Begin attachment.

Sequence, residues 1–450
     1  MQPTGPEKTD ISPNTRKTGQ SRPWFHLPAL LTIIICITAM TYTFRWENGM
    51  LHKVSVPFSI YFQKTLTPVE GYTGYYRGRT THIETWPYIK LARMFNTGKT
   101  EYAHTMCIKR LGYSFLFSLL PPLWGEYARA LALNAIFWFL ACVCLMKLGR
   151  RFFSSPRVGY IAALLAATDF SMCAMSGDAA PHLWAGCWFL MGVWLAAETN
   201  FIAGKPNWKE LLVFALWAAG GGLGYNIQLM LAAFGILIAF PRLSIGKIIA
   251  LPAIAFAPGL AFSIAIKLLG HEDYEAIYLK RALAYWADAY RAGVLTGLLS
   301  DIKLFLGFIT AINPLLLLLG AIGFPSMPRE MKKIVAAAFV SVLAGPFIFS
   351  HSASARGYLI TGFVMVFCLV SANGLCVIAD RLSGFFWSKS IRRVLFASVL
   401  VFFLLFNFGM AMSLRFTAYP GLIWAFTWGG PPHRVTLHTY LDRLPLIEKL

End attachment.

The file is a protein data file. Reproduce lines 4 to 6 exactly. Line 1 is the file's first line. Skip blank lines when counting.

   101  EYAHTMCIKR LGYSFLFSLL PPLWGEYARA LALNAIFWFL ACVCLMKLGR
   151  RFFSSPRVGY IAALLAATDF SMCAMSGDAA PHLWAGCWFL MGVWLAAETN
   201  FIAGKPNWKE LLVFALWAAG GGLGYNIQLM LAAFGILIAF PRLSIGKIIA